ArtistRemco Merbis

Lucy Augé

ArtistRemco Merbis
Lucy Augé

Words: Lara Candido Porter / Pictures: Remco Merbis

Lucy envisioned her new studio as a Japanese-style summer house, with a bold, black exterior and cool, natural interior tones. The garden building company wasn’t convinced, and contacted her several times to check a mistake hadn’t been made with her order: ‘Are you sure you want it in black? Black?’.

The studio was made, and Lucy sent the company a picture of her new creative hub in all its tranquillity. The company replied to thank her, as several garden cabins have since been sold in black.

This ingrained instinct for what works guides Lucy through life and, most notably, her art, which captures the beauty in nature that is often overlooked—even discarded.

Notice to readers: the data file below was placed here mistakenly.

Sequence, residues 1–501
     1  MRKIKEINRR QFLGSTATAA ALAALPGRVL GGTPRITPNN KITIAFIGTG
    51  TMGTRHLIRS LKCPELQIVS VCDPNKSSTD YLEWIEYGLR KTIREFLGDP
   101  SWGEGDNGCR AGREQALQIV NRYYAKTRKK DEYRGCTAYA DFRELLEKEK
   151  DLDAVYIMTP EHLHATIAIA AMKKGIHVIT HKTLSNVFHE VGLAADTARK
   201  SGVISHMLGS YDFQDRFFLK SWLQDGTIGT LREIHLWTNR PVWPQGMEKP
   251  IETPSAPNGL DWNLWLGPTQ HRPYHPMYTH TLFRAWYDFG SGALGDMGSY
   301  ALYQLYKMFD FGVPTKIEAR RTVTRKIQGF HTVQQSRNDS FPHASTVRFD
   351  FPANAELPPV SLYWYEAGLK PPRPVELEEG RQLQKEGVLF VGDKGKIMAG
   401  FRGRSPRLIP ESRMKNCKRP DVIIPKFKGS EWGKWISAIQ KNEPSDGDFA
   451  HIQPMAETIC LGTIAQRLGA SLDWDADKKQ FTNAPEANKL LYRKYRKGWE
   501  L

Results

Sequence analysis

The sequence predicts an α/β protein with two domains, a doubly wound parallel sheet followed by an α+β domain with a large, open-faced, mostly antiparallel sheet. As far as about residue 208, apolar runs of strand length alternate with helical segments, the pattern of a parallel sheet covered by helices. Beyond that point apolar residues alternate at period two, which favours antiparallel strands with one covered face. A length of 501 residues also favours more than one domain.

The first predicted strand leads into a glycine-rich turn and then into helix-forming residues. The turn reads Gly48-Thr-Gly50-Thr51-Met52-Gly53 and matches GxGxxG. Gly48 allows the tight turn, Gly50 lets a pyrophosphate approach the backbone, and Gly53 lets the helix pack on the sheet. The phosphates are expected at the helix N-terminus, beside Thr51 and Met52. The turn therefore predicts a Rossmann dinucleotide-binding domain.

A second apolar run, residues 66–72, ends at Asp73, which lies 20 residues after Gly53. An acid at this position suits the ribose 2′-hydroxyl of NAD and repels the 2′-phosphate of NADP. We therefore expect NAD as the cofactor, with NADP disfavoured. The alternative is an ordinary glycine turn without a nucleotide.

It’s a real honour to meet Lucy at her studio, as it feels that this is a sacred space, cocooning ideas and paintings the outside world may never have the privilege of experiencing. The bright, autumnal morning illuminates the studio as Lucy settles on her reclaimed WWII collapsible bed-turned-sofa to tell us her story.


Most people don’t even know that weeds, once they flower, have beautiful flowers on top. I think beauty is everywhere—absolutely everywhere.

What do you make?

I paint the beauty of nature. Everything you see.


For my first show, I set myself this task of painting 500 flowers. I ran out of flowers really quickly and, I thought, hang on: weeds are flowers. So, I painted them too. They turned out great, because they are flowers after all.

I then started looking more and more at taboo plants, which you're not allowed to look at because they're weeds and they should be pulled up immediately; but, I just started drawing them more and more. Once you've done your flower beds or your pretty flowers in the field, you start looking deeper and find unbelievable specimens.

I always try to learn things and put that into my work. At the moment, I'm investigating time, because at 5 o'clock the shadows distort the light in a different way and you get new patterns in nature.